Dr. Alistair Dove of Georgia  Aquarium  in Atlanta is leading  the effort to take blood from the whale sharks in order to analyze their hormonal levels and carry out basic health assessments.  “We have developed techniques to take blood under aquarium conditions, but applying them in the field presents huge challenges. After this trip however, I am confident that it can be done.” Dove was struck by the marine  life at Darwin.  “This  is such  a special  location,  not just because  of the whale  sharks.  We encountered walls of hundreds of scalloped hammerhead sharks just off the reef on every dive, along with yellowfin tuna, bottlenose dolphins, silky and Galapagos sharks and green turtles. The Galapagos National Park Service have a jewel here, and we feel honored to be able to contribute to their work conserving the rich biodiversity of these islands.”

The  Galapagos  National  Park  Directorate  is  currently  reviewing  the  zonation  of  the  marine  and terrestrial  areas.  The  information  gathered  on habitat  use  for whale  sharks  and  other  key  marine species  is  extremely  important  for  this  process,”  said  biologist  Harry  Reyes,  Head  of  Marine Ecosystem Use and Conservation at the Galapagos National Park Directorate. His colleague Eduardo Espinoza, Coordinator of Marine Ecosystem Monitoring, explained that the Galapagos National Park Directorate carries out conservation actions for protected species in accordance with the international agreements  and treaties  to which  Ecuador  is party.  Whale  sharks  are listed  on the Convention  of Migratory Species and are categorized as Vulnerable on the IUCN Red List.

OUR PARTNERS

Turtle Island Restoration  Network works to mobilize people and communities  around the world to protect marine wildlife, the oceans and the inland waterways that sustain them.  www.SeaTurtles.Org

HubbsSeaWorld Research Institute’s mission is “To return to the sea some measure of the benefits derived from it” by conducting research on marine fauna to support conservation and maintenance of vital populations on in healthy oceans.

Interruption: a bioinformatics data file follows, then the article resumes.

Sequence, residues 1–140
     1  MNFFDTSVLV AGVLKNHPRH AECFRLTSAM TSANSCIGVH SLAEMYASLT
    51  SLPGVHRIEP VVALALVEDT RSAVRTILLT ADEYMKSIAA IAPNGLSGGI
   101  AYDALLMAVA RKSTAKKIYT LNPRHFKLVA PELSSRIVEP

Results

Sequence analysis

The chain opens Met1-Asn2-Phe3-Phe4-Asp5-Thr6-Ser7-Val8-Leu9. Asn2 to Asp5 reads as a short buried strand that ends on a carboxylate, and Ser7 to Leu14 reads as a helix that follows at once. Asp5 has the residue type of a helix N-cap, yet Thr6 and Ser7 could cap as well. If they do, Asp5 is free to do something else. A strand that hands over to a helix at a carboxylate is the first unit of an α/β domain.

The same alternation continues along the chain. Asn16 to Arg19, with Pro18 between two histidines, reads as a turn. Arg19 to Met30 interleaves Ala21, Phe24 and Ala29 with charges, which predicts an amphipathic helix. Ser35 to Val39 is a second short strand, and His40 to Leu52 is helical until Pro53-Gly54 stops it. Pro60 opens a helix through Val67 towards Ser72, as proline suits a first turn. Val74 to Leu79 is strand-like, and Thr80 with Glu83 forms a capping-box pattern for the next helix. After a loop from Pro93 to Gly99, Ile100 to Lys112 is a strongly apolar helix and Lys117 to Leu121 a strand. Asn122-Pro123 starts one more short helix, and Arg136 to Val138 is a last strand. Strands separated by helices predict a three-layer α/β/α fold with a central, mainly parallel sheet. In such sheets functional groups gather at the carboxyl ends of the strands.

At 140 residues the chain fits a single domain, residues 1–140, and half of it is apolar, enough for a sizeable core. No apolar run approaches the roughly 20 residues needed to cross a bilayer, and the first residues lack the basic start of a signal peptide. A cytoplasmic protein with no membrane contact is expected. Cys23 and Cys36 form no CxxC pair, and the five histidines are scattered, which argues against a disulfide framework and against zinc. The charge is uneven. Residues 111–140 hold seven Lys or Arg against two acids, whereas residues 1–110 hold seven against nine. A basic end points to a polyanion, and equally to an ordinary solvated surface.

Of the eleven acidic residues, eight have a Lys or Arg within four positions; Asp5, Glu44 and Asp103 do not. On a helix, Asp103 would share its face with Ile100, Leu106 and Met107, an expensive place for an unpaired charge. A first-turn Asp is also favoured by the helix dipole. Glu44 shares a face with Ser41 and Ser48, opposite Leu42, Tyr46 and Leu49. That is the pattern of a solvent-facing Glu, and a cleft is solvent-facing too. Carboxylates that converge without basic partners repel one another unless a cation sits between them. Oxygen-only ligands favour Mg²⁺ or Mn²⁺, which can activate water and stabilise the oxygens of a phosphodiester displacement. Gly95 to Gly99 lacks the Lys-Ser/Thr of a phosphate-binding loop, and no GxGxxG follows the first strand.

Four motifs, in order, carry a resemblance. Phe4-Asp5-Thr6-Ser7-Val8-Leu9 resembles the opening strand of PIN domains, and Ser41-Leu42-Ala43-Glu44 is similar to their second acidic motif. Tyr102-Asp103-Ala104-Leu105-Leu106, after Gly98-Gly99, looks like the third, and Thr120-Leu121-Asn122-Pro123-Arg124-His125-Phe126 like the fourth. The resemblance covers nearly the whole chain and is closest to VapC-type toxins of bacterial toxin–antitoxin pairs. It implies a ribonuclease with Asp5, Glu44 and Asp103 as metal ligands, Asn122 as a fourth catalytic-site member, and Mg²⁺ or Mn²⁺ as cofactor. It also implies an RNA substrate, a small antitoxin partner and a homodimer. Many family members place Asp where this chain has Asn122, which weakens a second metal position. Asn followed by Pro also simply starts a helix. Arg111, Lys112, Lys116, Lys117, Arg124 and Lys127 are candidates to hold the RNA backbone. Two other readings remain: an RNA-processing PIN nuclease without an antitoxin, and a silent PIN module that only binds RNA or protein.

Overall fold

Georgia Aquarium in Atlanta is a 501(c)(3) non-profit organization that contains more than 10 million gallons of water and has the largest collection of aquatic animals. Georgia Aquarium’s mission is to be a scientific  institution  that  entertains  and  educates,  features  exhibits  and  programs  of the  highest standards,  and  offers  engaging  and  exciting  guest  experiences  that  promote  the  conservation  of aquatic  biodiversity   throughout   the  world.  Georgia  Aquarium   is  an  accredited   member  of  the Association  of Zoos and Aquariums  and the Alliance of Marine Mammal Parks and Aquariums.  For additional information, visit  www.georgiaaquarium.org.

CONTACTS

Jonathan R. Green
Director of Whale Shark Investigation Fundación Megafauna Marina, Ecuador jonathangwsp@gmail.com

Dr. Alex Hearn
Marine Science Advisor, Turtle Island Restoration Network Professor/Researcher,  Universidad San Francisco de Quito

Ahearn@usfq.edu.ec,  alex@tirn.net

Brent S. Stewart, Ph.D., J.D.
Senior Research Scientist

Hubbs-SeaWorld Research Institute
bstewart@hswri.org